Automation of Manually Operated Products
Wheelchairs and other clinical mobility products are used in healthcare facilities to expedite mobility services for the disabled. Although wheelchairs traditionally are manually operated, the rise of technology has even made this computerized. Thus, if you do not have a well-coded web-accessible design for the app that will help you move the wheelchair, it’s of no use. Powered wheelchairs and smart wheelchairs are used in hospitals and home-based patient care. It helps in improving the mobility of patients. Either the power buttons or mobile app helps to maintain the vector. It needs expert designing to get an app that is well understood not just by the caregiver but by the patient as well.
Why is there Growth in Assistive Technology?
According to calculations from the U.S. Centers for Disease Control and Prevention, one in every four U.S. adults is continuing with a disability. And it totals about 61 million! Furthermore, the study suggests the baby boomer generation potentially has more limitations than the former generations as they age. This means the ratio is likely to increase in the future. Over 1 billion people (which counts to more than 15 percent of the world’s population) encounter some sort of disability.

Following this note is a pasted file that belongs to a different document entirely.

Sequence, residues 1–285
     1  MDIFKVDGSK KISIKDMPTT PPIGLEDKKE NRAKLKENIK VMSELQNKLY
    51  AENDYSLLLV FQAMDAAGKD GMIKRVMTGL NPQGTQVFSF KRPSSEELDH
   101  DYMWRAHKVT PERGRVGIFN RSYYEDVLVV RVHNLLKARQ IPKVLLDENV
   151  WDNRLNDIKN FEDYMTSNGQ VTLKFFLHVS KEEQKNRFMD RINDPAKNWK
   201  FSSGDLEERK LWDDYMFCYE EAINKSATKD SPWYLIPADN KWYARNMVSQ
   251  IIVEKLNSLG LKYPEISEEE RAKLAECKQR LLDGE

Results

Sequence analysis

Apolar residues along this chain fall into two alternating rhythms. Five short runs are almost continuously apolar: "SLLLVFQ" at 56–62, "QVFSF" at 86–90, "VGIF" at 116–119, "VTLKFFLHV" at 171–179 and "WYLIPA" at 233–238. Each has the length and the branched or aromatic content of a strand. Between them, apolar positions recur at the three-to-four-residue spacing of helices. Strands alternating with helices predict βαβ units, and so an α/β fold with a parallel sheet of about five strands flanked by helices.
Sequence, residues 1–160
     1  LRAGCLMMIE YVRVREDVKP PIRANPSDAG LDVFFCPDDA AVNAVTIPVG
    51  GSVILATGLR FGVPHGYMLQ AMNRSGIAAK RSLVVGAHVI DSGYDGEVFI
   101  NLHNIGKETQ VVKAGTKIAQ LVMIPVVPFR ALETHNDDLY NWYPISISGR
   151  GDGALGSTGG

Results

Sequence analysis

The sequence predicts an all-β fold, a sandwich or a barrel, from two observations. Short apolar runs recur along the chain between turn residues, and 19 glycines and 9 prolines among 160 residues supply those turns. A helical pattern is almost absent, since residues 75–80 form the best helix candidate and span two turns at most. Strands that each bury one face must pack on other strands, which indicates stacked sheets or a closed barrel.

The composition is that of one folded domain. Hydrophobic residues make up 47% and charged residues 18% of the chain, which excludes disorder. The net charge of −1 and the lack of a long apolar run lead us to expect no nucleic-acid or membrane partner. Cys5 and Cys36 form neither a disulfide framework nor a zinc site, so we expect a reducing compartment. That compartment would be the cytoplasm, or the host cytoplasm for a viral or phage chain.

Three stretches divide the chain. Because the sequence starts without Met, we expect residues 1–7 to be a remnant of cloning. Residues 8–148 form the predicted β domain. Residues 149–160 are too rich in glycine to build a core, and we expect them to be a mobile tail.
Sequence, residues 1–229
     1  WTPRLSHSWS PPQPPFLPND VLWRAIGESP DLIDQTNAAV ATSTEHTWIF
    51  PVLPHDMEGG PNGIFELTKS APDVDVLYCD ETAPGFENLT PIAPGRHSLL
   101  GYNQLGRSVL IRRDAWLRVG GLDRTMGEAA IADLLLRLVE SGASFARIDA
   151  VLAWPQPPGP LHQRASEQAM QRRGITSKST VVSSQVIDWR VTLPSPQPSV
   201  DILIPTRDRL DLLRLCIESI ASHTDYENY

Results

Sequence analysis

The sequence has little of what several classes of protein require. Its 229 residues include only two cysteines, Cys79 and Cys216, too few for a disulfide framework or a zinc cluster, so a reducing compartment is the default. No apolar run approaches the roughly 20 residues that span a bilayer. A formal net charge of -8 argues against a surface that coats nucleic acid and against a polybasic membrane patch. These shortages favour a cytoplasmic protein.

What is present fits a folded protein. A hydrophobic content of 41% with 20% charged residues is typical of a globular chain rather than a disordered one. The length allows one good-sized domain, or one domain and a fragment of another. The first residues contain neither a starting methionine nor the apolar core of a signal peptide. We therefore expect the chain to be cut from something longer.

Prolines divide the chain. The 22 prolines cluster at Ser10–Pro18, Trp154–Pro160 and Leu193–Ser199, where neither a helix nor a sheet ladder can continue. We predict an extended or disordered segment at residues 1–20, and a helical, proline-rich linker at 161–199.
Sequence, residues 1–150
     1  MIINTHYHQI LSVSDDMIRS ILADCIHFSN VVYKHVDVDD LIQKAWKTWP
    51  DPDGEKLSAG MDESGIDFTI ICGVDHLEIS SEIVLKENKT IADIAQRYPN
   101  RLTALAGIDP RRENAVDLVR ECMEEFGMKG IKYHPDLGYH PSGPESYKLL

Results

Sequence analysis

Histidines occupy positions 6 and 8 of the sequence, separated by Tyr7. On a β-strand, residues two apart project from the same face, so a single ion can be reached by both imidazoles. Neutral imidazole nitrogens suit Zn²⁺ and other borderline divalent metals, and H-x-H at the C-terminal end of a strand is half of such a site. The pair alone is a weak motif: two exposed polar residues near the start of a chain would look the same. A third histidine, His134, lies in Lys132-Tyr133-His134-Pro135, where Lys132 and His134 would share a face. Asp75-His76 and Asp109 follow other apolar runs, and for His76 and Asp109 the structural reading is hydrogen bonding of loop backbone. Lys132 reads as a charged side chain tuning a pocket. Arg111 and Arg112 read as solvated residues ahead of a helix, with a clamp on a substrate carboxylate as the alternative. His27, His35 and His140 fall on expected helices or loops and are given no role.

People with disabilities can face severe challenges in their daily lives. Think about it – on average, they are less inclined to receive an education, find a vocation, and obtain sufficient healthcare. The scope of assistive technology is to eliminate these barriers to the full extent possible and enhance the quality of life for people with disabilities.